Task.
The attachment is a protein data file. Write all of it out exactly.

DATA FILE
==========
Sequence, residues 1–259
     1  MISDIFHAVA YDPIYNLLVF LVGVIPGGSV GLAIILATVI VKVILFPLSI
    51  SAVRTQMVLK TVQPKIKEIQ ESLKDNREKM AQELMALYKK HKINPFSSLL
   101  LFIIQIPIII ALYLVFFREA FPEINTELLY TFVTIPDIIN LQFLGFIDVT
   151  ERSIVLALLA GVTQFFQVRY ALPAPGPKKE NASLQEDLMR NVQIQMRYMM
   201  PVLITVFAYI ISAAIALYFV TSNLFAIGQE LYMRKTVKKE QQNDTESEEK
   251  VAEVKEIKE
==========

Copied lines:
Sequence, residues 1–259
     1  MISDIFHAVA YDPIYNLLVF LVGVIPGGSV GLAIILATVI VKVILFPLSI
    51  SAVRTQMVLK TVQPKIKEIQ ESLKDNREKM AQELMALYKK HKINPFSSLL
   101  LFIIQIPIII ALYLVFFREA FPEINTELLY TFVTIPDIIN LQFLGFIDVT
   151  ERSIVLALLA GVTQFFQVRY ALPAPGPKKE NASLQEDLMR NVQIQMRYMM
   201  PVLITVFAYI ISAAIALYFV TSNLFAIGQE LYMRKTVKKE QQNDTESEEK
   251  VAEVKEIKE